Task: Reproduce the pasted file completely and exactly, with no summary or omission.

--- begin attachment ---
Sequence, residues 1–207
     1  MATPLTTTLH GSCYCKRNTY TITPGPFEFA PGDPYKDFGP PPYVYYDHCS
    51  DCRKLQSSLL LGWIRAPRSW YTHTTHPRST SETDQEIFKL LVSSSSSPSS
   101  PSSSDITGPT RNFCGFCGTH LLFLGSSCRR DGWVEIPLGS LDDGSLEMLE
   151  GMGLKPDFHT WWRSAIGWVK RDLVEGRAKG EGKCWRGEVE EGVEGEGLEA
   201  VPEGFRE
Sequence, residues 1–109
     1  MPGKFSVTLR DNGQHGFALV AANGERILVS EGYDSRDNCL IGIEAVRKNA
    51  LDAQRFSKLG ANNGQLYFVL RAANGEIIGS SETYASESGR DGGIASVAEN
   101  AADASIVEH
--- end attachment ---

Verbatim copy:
Sequence, residues 1–207
     1  MATPLTTTLH GSCYCKRNTY TITPGPFEFA PGDPYKDFGP PPYVYYDHCS
    51  DCRKLQSSLL LGWIRAPRSW YTHTTHPRST SETDQEIFKL LVSSSSSPSS
   101  PSSSDITGPT RNFCGFCGTH LLFLGSSCRR DGWVEIPLGS LDDGSLEMLE
   151  GMGLKPDFHT WWRSAIGWVK RDLVEGRAKG EGKCWRGEVE EGVEGEGLEA
   201  VPEGFRE
Sequence, residues 1–109
     1  MPGKFSVTLR DNGQHGFALV AANGERILVS EGYDSRDNCL IGIEAVRKNA
    51  LDAQRFSKLG ANNGQLYFVL RAANGEIIGS SETYASESGR DGGIASVAEN
   101  AADASIVEH